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The NHL Players who Are Helping Fight Hunger in West Africa

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I confess I ride the bandwagon when it comes to hockey. That is, I tune in now and again during the season, but really only have my interest piqued during the Stanley Cup playoffs.

However, with all the recent media coverage of team owners and players being locked in a contract dispute, I, along with other hockey fans across North America, am legitimately wondering whether NHL players will have a chance to lace up their skates this year.

With training camps set to start in just a few weeks, both sides report they're still far apart in their negotiations for a new collective bargaining agreement and it's raising the spectre of yet another cancelled season.

I have to admit I will be disappointed should there be a lockout, especially now that my four-year-old son is just beginning to have the patience to watch and understand what the sport is about.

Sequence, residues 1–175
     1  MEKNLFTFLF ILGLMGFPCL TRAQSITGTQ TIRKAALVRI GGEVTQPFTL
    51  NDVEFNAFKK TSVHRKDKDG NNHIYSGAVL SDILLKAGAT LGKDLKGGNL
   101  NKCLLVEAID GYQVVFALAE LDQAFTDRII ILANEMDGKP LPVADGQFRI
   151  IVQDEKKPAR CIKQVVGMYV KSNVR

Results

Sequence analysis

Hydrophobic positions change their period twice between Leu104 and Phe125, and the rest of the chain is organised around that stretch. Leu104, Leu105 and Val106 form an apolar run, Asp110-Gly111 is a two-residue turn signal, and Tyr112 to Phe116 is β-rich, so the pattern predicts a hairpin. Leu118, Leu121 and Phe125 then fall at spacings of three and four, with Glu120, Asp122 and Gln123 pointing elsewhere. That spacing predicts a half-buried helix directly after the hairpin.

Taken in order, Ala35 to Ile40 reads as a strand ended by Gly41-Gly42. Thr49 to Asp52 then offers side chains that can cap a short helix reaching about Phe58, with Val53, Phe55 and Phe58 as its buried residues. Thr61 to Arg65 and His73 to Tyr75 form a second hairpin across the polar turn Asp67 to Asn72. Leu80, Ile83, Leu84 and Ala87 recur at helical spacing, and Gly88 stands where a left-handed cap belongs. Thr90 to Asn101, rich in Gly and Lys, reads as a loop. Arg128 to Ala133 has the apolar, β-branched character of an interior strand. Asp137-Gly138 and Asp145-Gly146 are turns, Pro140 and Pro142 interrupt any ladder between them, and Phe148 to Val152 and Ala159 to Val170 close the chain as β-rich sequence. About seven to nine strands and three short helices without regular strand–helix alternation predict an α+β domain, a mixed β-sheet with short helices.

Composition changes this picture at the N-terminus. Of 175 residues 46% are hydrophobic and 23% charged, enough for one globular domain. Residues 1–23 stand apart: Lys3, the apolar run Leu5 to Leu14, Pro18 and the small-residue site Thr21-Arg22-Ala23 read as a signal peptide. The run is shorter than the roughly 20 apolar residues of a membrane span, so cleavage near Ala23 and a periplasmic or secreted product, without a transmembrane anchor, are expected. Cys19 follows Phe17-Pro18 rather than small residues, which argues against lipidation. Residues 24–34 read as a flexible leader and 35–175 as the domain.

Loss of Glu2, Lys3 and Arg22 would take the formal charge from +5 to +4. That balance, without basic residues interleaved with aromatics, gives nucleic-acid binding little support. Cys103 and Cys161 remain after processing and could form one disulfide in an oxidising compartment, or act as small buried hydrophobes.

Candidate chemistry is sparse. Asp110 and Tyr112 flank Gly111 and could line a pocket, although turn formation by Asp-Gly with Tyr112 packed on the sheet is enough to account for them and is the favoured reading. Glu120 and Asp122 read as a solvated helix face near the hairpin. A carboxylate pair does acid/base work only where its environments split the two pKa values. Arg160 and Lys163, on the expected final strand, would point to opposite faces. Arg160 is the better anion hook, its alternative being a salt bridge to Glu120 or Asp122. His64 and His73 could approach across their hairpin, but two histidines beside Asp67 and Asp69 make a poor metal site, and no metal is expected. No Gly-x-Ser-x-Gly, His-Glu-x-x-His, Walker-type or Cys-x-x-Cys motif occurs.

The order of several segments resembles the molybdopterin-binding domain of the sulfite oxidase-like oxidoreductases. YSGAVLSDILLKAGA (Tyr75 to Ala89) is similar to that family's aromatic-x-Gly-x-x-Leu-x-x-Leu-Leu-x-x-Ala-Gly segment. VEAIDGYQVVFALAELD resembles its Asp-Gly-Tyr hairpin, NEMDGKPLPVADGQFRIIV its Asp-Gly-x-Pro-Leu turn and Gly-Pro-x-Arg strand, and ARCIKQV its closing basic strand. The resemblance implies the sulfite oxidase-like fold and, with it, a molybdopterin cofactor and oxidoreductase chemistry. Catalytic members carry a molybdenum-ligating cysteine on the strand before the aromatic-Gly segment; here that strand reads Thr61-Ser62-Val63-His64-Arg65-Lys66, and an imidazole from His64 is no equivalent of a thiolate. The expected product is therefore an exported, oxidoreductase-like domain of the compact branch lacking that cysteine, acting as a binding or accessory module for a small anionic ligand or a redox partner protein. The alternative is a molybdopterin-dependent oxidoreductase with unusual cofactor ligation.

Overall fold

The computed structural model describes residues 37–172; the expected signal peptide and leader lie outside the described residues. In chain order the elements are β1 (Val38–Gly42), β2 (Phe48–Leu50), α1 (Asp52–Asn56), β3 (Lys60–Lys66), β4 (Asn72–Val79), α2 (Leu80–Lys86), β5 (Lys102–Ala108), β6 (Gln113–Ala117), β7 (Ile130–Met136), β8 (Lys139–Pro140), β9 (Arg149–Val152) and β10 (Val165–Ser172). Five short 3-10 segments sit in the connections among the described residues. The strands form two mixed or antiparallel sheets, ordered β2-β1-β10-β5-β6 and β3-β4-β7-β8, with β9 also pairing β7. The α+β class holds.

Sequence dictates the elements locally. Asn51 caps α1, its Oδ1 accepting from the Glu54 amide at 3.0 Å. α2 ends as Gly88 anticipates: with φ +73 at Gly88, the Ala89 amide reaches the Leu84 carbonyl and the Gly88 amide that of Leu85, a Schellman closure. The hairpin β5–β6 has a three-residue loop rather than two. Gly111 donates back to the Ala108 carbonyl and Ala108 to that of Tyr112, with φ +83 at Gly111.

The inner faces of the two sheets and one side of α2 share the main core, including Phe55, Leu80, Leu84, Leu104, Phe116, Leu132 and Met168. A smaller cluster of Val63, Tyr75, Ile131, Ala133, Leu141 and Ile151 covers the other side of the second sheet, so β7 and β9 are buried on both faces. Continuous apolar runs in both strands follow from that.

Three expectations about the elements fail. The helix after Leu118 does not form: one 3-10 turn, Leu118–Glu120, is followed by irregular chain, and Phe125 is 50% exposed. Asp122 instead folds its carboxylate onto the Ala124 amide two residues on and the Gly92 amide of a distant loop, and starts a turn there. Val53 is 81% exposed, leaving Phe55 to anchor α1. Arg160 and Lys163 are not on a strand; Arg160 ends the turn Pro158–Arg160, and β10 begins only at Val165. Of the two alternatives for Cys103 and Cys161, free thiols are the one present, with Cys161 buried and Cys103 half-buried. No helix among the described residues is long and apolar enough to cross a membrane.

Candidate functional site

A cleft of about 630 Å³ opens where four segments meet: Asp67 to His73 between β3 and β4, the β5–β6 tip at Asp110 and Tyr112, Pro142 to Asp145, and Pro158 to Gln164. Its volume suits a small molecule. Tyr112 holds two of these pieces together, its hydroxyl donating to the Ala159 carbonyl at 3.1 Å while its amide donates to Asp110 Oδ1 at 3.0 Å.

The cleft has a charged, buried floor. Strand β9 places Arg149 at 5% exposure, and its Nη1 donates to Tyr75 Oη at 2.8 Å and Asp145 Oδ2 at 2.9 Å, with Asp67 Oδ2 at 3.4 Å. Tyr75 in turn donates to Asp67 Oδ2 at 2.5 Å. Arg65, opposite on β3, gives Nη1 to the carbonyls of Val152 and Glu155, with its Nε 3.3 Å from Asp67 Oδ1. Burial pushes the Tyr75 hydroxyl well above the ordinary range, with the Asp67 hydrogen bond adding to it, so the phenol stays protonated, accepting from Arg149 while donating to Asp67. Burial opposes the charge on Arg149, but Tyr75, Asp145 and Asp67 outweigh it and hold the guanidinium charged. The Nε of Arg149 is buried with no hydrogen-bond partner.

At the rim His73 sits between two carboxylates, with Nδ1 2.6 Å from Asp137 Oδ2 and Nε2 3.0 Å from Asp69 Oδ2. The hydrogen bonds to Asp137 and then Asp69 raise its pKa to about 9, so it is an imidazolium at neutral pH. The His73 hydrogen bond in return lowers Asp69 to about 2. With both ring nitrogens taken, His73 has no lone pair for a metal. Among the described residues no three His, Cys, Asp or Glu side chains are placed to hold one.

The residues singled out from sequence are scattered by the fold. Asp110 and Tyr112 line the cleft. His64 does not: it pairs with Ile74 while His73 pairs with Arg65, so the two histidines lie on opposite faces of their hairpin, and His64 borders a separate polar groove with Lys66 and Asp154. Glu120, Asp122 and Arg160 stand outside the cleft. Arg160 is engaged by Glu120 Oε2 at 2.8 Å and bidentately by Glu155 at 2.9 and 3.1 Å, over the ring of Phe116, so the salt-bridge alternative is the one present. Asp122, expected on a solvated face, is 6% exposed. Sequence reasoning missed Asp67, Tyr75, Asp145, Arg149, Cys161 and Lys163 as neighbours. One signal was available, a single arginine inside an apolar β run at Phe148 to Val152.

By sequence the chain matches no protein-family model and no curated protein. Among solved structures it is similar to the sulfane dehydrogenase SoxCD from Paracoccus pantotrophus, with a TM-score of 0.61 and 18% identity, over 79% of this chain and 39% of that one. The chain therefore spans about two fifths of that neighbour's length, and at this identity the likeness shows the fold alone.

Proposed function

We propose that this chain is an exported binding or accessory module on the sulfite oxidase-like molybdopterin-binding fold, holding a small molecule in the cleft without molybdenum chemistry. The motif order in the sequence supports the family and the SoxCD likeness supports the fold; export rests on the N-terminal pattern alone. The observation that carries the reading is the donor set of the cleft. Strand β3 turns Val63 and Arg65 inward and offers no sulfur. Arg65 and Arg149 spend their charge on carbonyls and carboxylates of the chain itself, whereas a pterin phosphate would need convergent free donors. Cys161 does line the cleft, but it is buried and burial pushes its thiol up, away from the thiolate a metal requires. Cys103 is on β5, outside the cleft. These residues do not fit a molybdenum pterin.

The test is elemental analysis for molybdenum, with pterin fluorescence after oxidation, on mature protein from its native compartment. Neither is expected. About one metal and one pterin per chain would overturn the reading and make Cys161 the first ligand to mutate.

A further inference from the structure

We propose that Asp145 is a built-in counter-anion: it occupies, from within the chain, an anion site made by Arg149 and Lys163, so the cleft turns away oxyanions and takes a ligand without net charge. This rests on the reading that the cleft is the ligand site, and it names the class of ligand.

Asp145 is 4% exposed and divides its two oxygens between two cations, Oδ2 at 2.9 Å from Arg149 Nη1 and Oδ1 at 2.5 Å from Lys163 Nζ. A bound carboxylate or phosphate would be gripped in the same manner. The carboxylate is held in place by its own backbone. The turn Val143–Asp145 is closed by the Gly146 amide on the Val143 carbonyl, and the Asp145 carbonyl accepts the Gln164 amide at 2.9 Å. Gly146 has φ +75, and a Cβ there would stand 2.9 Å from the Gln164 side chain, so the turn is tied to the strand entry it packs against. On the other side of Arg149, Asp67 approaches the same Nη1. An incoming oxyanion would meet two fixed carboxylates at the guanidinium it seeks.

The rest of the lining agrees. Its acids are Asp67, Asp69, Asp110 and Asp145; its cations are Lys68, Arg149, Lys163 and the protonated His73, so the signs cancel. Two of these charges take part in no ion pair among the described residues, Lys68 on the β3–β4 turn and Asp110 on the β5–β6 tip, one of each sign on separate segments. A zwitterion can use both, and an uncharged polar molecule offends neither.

At the same time, I know that hockey is a business and both the owners and the players have a right to earn a fair return for their efforts, on and off the ice. But I must admit it does bother me when I look at the cost of a ticket to attend an NHL game (or almost any other pro sports event) as I wonder how this money could be used all around the world and here at home to help children and their families who are facing poverty and despair.

But while in the midst of these tense times, there is a positive.

Three NHL stars have joined forces to help World Vision Canada to help thousands of children facing hunger in West Africa.

The Nashville Predators' Mike Fisher, Chris Neil of the Ottawa Senators and Kevin Bieksa of the Vancouver Canucks have created awareness about the deadly food crisis through this video.

Take a moment to learn about the food crisis and how it's affecting thousands of West African children, and if you want to donate, check out World Vision Canada's website. Keep in mind that the Canadian government is matching donations made to registered charities that are providing aid to people affected by the West African crisis.

In the meantime, let's keep our fingers crossed and hope the players and owners can work out their differences in time for another season of great hockey.